Coagulation Rotation

The one month coagulation rotation allows the resident to develop competency in diagnostic Coagulation/Special Electrophoresis at the general pathologist level, and to gain experience in interpreting laboratory tests as well as in integrating the results in conjunction with the patient's history into the coagulation consult report. The service is very active, with the current volume of testing the resident sees including 300 coagulation consults, 50 -100 thromboelastograms ( TEG's), 100 hemoglobin evaluations by HPLC  and 350  protein electrophoresis per month. 

Rotation Structure

During the first week of the one month coagulation rotation, the resident will be given a pre-test to help the director evaluate the resident's preliminary knowledge of coagulation. The major method of instruction is by test result interpretations. At the rotation beginning, the resident observes the laboratory director evaluating the interpretative test results. Within one week, the resident is expected to do interpretations and present them to the faculty. The resident is expected to review all interpretive tests done in the laboratory and prepare the initial interpretative report within one day, for review with the laboratory director. Specifically, the resident is responsible for:

  • Reviewing assigned coagulation cases before rounds, obtaining clinical data, and providing preliminary interpretation.
  • Handling questions from Clinical Laboratory Scientists regarding cases.
  • Calling positive results to clinicians and explaining HIT diagnosis and management.
  • Ordering as necessary any additional reflexive testing for Consult Panels.
  • Discussing reading assignment topics.
  • Writing brief updates on Coagulation topics.
Residents carry out a mock inspection using the CAP Laboratory checklists, which are extremely valuable for learning CLIA and other regulatory requirements relative to Coagulation. Additionally, CAP and other surveys (or Proficiency Evaluations) should be reviewed by the resident as they are required by regulatory agencies for laboratory Quality Assurance. At the end of the rotation the resident is expected to successfully complete the post-test indicating a sound understanding of coagulation.

DAILY SCHEDULE
7.30-8.30Mandatory AP/CP Conference
8.30-10.00Write up preliminary Interpretations of Hemoglobin Electrophoresis, Platelet Aggregometry , Protein Electrophoresis
10.00-12.00Sign out, Patient Rounds if necessary
12.00-1.00Lunch/conference
1.00-4.00Read assignments (scheduled topics), Write up Coagulation cases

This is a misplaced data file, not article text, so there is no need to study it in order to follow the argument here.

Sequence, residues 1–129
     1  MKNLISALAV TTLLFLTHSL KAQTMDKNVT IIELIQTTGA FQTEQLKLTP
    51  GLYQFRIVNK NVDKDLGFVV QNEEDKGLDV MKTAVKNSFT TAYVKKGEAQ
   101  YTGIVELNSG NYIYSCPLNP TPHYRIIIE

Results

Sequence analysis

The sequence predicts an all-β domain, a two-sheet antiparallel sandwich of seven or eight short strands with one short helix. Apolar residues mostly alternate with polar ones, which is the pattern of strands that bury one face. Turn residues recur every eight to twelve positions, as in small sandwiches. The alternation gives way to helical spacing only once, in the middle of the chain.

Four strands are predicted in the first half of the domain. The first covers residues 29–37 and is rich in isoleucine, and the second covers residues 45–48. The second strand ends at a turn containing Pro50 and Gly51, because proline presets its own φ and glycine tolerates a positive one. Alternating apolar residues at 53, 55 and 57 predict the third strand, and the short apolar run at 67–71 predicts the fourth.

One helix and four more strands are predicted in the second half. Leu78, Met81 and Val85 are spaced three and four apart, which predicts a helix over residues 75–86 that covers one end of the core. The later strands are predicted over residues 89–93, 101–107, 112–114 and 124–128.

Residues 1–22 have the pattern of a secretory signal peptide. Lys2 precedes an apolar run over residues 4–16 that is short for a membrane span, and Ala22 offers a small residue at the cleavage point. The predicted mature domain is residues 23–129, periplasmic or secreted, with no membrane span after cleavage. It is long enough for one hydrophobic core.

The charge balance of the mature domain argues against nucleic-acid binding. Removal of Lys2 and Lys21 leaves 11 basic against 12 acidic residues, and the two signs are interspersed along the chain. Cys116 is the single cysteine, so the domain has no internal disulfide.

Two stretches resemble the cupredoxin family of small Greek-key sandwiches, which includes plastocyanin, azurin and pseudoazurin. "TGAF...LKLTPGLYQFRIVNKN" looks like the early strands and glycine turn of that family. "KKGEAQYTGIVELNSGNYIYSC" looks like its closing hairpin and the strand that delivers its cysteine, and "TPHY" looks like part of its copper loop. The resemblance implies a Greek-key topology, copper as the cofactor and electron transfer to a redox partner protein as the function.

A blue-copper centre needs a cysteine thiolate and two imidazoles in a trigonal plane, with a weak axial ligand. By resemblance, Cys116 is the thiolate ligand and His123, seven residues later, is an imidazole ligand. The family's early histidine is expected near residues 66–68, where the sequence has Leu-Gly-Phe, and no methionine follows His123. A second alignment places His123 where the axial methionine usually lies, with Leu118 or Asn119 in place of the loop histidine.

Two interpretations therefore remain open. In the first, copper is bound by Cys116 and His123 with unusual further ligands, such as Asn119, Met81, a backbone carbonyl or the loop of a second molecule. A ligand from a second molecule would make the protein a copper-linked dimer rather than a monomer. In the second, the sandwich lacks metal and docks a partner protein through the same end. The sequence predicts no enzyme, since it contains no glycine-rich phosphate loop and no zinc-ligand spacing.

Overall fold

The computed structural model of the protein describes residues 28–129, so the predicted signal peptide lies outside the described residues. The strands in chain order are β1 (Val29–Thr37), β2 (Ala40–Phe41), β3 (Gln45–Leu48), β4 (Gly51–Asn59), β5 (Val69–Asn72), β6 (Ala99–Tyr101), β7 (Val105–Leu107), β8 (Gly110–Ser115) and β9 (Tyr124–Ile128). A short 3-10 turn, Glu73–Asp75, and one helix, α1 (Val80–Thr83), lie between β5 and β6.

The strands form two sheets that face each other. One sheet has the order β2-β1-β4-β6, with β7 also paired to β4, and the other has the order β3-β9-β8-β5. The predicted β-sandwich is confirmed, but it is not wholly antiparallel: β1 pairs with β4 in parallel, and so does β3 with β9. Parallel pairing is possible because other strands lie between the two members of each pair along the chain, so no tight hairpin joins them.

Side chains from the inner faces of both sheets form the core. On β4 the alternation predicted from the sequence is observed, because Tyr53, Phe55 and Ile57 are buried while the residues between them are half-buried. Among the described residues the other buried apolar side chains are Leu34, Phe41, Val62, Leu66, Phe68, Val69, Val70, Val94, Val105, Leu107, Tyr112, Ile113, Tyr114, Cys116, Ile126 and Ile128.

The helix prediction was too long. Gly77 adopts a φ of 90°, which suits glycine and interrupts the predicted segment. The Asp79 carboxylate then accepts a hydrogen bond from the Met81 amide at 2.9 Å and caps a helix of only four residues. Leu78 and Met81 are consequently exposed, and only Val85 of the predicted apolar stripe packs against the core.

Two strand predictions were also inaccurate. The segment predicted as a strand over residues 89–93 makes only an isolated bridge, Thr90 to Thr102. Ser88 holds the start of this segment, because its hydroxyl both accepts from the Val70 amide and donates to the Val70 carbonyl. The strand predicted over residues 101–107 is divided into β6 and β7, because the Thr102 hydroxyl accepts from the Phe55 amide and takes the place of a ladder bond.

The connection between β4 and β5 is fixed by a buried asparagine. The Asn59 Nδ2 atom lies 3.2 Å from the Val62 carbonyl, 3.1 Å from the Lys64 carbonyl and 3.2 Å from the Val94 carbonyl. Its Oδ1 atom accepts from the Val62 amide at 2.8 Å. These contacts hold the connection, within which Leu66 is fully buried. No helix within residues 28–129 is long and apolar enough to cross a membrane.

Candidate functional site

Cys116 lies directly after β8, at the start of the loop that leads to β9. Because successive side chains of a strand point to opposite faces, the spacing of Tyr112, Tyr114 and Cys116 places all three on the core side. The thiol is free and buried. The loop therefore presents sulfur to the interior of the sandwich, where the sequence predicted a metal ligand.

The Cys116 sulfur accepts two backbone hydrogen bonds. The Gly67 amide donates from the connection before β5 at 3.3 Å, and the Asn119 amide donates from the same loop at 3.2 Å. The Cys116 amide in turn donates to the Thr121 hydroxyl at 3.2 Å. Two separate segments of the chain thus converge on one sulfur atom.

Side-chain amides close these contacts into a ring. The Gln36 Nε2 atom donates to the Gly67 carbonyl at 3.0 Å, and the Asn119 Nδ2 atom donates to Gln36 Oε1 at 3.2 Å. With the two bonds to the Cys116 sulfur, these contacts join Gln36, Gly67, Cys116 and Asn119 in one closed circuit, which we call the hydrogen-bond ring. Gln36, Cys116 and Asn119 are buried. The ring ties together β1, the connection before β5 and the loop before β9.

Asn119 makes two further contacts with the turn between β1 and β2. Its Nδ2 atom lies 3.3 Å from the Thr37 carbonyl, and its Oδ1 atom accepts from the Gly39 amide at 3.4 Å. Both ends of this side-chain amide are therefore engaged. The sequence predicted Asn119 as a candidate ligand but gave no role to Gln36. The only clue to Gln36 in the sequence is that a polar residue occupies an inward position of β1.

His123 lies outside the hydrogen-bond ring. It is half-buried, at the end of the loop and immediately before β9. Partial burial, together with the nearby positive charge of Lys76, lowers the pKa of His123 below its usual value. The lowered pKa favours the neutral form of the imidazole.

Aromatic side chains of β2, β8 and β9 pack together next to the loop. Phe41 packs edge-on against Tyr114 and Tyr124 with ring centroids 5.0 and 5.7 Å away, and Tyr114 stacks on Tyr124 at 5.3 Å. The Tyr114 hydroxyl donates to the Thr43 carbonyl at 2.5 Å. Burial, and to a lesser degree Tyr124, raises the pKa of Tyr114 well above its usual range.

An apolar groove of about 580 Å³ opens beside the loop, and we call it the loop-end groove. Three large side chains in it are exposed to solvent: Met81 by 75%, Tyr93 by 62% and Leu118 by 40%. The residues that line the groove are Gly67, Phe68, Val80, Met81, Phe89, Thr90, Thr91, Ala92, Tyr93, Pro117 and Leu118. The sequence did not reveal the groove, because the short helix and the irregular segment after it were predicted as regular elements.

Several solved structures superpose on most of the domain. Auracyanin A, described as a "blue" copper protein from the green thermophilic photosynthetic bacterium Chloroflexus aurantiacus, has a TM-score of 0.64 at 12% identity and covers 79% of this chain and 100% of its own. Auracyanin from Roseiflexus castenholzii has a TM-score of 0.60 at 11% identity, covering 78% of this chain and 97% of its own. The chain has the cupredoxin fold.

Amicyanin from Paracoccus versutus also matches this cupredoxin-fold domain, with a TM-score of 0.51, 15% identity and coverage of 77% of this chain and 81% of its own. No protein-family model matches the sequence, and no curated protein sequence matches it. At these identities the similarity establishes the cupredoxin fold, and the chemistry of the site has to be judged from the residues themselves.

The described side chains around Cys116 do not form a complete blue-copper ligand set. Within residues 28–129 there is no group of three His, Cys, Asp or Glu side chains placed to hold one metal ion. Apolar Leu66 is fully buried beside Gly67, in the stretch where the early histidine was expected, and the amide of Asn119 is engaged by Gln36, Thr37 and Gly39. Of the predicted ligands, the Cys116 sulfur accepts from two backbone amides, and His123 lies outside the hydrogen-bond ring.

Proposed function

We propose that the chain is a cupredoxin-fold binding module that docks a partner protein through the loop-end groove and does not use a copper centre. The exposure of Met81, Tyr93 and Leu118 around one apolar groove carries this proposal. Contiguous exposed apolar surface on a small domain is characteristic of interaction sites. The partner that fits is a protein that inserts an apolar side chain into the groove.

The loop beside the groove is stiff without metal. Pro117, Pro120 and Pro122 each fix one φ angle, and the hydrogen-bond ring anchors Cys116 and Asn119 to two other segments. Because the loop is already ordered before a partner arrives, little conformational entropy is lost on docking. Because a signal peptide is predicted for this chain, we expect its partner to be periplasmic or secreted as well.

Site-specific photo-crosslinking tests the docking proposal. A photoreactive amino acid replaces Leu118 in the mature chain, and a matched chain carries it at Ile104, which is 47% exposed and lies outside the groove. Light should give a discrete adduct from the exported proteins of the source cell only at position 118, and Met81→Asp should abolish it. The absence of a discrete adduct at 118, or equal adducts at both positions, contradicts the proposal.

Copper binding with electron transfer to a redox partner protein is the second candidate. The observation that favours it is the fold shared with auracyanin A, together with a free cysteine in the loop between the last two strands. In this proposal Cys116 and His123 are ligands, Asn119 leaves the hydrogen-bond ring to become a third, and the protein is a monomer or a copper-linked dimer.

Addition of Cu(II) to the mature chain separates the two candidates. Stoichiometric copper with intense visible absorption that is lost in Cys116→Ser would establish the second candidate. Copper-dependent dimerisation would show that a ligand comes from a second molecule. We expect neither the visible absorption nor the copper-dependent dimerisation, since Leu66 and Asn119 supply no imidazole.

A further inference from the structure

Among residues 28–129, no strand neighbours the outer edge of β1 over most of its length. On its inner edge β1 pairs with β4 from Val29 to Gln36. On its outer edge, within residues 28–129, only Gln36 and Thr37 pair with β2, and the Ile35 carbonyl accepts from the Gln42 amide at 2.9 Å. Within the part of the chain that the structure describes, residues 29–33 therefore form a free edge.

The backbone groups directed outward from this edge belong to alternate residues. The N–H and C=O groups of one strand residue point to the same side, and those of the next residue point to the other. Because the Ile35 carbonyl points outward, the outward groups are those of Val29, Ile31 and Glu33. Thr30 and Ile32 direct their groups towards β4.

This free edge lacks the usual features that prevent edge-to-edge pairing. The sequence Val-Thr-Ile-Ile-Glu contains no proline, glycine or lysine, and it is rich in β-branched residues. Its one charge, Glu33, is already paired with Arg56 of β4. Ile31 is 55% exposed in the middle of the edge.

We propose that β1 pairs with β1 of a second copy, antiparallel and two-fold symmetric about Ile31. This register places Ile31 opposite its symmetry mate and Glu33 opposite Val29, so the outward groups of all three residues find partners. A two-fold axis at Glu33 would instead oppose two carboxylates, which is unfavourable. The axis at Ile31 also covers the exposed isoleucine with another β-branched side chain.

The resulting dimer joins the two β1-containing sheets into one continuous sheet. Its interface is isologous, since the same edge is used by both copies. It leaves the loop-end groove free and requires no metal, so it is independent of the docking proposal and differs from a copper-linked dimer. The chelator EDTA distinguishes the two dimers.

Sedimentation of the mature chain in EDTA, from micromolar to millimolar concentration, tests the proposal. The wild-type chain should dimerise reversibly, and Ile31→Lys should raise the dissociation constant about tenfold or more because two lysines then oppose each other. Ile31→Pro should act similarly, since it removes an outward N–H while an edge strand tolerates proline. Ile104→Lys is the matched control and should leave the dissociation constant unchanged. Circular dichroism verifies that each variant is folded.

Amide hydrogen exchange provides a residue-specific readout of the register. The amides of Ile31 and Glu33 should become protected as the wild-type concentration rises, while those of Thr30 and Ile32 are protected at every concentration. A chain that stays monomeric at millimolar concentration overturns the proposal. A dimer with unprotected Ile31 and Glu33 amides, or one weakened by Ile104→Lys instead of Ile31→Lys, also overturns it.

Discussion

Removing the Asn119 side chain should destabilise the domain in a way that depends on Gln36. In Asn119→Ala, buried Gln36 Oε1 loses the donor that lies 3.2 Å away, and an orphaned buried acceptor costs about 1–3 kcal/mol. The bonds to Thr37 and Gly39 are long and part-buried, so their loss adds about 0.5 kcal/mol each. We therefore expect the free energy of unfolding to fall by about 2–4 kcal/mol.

4.00-6.00Coagulation cases sign out, Reading assignment discussion

Specific Coagulation Goals and Objectives

Patient Care:

  • Gather essential and accurate patient information and incorporate it into pathologic interpretations
  • Effectively analyze and interpret coagulation testing.
  • Successfully consult with clinicians in developing an appropriate diagnostic plan.
  • Consult on interpretation or follow-up of unusual or unexpected test results.
  • Order appropriate special tests when appropriate.

Medical Knowledge:

  • Recognize the impact of point-of-care testing (POCT) on clinical care.
  • Identify reasonable and complete differential diagnoses for peripheral smears, protein disorders, hemoglobin disorders and coagulation cases based on the available clinical information, laboratory tests, and current published information.
  • Explain the basic principles, methods, and applications of the assays used in coagulation, hemoglobin and protein disorders evaluation.
  • Define the principles and practices of automated coagulation testing.

Interpersonal and Communication Skills:

  • Participate as an expert in laboratory coagulation at multidisciplinary conferences.
  • Demonstrate the ability to write a comprehensive and coherent coagulation consultation report and an articulate comprehensive consultation note.
  • Demonstrate the ability to communicate clear diagnoses to the referring physician or appropriate clinical personnel.
  • Ability to educate colleagues and other health care professionals.
  • Demonstrate the ability to educate non-pathology clinicians and other health care workers about fundamental principles of pathophysiology underlying test design/interpretation and the approach to choosing and coagulation.

Professionalism:

  • Demonstrate compassion, understanding of and respect for patients, their families, and the staff and physicians caring for them.
  • Model positive work habits, including punctuality, dependability, and professional appearance.
  • Self-identify the resident as the case physician, taking initiative to advance cases.
  • Demonstrate principles of confidentiality with all information transmitted both during and outside a patient encounter.

Systems-Based Practice and Practice-Based Learning:

  • Demonstrate the ability to work with other health care personnel to develop clinically advantageous and cost-effective care-delivery strategies.
  • Explain how coagulation and hematology diagnoses affect health care decisions for patients and the health care system.
  • Practice cost-effective health care and resource allocation that does not compromise quality of care, understanding the need for and cost of special studies, extended testing, and send-out testing.
  • As senior residents, attend the CP QA committee meetings to be able to explain how to partner with the administrative and technical staff to assess, coordinate, and improve health care and identify how these activities can affect system performance.
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